Mortgage Fraud in Florida
Providing false information to procure any type of property or credit is a crime in Florida, and is generally punished as larceny. But, Florida also has a specific criminal statute regarding fraud in the mortgage lending process. A person commits mortgage fraud in Florida when he or she, knowingly and with intent to defraud:
- Makes a material misrepresentation or omission during the mortgage lending process with the intent that the misinformation or omission be relied on by the lender, borrower, or other entity involved
- Makes material omissions during the mortgage lending process intending that any party rely on the omission of required information
- Receives funds in connection with the mortgage lending process knowing that the receipt of these funds was the result of making a material misrepresentation or omission during the mortgage lending process
- Files or causes to be filed any mortgage-lending document containing a material misstatement, misrepresentation, or omission with the clerk of the circuit court
The classification of the crime and the possible penalties for mortgage fraud depend on the loan value. The crime is generally a felony of the third degree, carrying a possible prison term of up to five years. But, the crime is elevated to a felony of the second degree if the loan value exceeds $100,000. In that case, the possible penalties include imprisonment for up to 15 years.
Organized fraud isn’t a separate type of fraud—any fraud crime can give rise to an organized fraud charge if it involves a “scheme to defraud” and results in obtaining property. While “organized fraud” and “scheme to defraud” may bring to mind large-scale operations targeting hundreds or thousands of victims, a person can be convicted of organized fraud on the basis of a single victim.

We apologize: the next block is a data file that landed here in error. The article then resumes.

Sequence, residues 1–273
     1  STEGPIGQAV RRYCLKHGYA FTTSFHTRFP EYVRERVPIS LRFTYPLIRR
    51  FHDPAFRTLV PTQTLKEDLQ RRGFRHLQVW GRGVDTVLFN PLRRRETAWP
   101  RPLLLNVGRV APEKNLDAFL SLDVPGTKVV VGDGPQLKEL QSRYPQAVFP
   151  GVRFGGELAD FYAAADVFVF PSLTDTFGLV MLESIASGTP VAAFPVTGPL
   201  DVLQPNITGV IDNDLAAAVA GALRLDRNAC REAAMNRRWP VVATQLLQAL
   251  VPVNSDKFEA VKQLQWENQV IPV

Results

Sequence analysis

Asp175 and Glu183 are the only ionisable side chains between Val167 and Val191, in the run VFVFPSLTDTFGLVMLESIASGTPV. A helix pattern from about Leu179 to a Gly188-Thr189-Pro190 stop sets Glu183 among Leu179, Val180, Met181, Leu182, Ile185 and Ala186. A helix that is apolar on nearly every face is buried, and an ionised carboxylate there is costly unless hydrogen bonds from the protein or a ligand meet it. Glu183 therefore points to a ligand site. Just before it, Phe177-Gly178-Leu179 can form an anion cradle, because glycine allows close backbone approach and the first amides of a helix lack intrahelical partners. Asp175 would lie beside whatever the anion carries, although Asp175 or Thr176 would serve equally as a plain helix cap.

Under the Florida Communications Fraud Act, a scheme to defraud is a:
- Systematic, ongoing course of conduct with the intent to defraud one or more persons, or
- With intent to obtain property from one or more persons by false or fraudulent pretenses, representations, or promises or willful misrepresentations of a future act
The consequences of organized fraud include:
- Conviction of a felony of the third degree and a possible prison sentence of up to 5 years if the property is valued at less than $20,000
- Conviction of a felony of the second degree and a possible prison sentence of up to 15 years if the property is valued at $20,000 or more but less than $50,000
- Conviction of a felony of the first degree and a possible prison sentence of up to 30 years if the property is valued at more than $50,000
Separately, anyone who engages in such a scheme may be subject to criminal penalties for the communications themselves, even if the scheme is not successful.
Jacksonville Fraud Charges Can Be Complicated
Florida fraud charges are serious business and may carry significant criminal penalties and have a long-term impact on career opportunities and other areas of your life. To make matters worse, it’s a complex area of law involving many closely related or overlapping crimes—the specific crimes described above are only a small sample of Florida fraud crimes. If you’ve been charged with fraud in or around Jacksonville, it’s in your best interest to get advice from a seasoned local criminal defense attorney as soon as possible.
To learn more about your rights, options and possible defenses—and how a Board Certified Expert in Criminal Trial Law can help—schedule a free consultation right now. Just call 904-513-3905 or fill out the contact form on this site to get started.